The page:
By Earl Robertson
Our world knows little of what God says to man and much less what He teaches concerning the responsibilities of the husband to the wife. The failure to know this teaching and have respect for it has, no doubt, contributed much to the many problems we have of asocial and moral nature. We have no earthly relationships so close as the one in marriage. Nothing in all the word of God degrades marriage, but, to the contrary, exalts and honors the bond (Heb. 13:4).
The love which the husband gives to his wife is self giving. It is inconceivable that a human being could do more than this. But this is exactly what the Bible teaches the husband to do. Ephesians 5:25, 28, 33 gives most plainly this responsibility. “Husbands, love your wives, even as Christ also loved the church, and gave himself for it”; “so ought men to love their wives as their own bodies. He that loveth his wife loveth himself.” “Nevertheless let every one of you in particular so love his wife even as himself; and the wife see that she reverence her husband.” These verses declare the love which comprehends what the Almighty intends marriage to be. Verse 25 is a parallelism: it is emphatic in placing the husband (with love toward his wife) with Christ and his love for the church. The church is the body of Christ and, in this sense, the wife is the body of the husband. They are joined and are one flesh (Gen. 2:24; Matt. 19:5, 6; Eph. 5:31). So, as Christ loved His own body, the husband is to love his wife as being his own body. The word love in these three verses is the greatest and most comprehensive of all the words our English word love renders. The word is agapao and is used in the singular case in all three verses. Verse 25 is marking the husband as the one who must love. This love never works ill for its object: it is the love God has for man.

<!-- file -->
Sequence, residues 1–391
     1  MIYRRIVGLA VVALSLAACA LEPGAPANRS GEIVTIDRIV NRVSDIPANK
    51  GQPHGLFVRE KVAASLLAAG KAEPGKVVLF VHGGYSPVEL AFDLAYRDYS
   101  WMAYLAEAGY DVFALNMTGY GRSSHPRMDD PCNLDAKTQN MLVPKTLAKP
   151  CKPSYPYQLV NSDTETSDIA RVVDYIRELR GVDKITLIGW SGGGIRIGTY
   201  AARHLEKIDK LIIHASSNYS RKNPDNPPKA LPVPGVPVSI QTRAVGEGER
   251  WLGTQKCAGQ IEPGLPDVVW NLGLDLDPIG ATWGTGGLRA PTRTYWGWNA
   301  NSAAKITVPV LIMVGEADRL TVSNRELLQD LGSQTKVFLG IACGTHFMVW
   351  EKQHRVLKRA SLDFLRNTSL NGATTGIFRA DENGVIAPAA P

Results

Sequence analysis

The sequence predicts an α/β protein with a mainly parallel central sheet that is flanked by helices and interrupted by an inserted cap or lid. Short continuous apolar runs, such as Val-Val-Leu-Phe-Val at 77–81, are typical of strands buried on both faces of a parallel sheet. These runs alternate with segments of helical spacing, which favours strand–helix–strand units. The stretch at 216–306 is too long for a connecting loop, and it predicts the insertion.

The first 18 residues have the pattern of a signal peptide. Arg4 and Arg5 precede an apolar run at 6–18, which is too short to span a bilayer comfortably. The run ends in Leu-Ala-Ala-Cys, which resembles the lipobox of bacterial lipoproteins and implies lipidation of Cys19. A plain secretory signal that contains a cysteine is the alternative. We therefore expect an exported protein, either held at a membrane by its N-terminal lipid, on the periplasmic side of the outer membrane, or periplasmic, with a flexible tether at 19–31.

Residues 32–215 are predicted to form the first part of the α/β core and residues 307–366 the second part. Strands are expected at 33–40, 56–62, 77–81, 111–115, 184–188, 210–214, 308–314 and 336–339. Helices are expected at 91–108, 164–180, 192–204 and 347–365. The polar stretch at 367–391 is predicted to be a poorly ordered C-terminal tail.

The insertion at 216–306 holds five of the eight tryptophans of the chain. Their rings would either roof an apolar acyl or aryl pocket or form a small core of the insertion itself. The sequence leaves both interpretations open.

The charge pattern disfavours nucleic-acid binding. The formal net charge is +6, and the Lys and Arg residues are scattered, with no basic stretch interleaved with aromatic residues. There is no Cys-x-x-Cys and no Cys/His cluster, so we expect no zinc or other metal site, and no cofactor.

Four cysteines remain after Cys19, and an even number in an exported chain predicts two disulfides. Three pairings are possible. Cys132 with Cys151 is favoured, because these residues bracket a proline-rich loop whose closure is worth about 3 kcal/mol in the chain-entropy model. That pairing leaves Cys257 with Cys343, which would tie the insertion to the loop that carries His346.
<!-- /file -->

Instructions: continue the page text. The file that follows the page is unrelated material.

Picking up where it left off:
Marriage creates moral duties. “So ought men to love their wives as their own bodies” is a moral duty. This is one of the very basic truths of good living. Loving his wife as being his own flesh; they are joined, they are not two, but one flesh, and in this union he “nourisheth and cherisheth it” (5:29), that is, he cares for his own flesh and fosters with tenderness his very own. This is a different love than that of the wife to her husband (Titus 2:4). The husband’s love is shown in his headship and provisions for her, and she, in turn, has warm subjective feelings for him being his wife. Her love is earned, not demanded.
Truth Magazine XXIV: 26, p. 423
June 26, 1980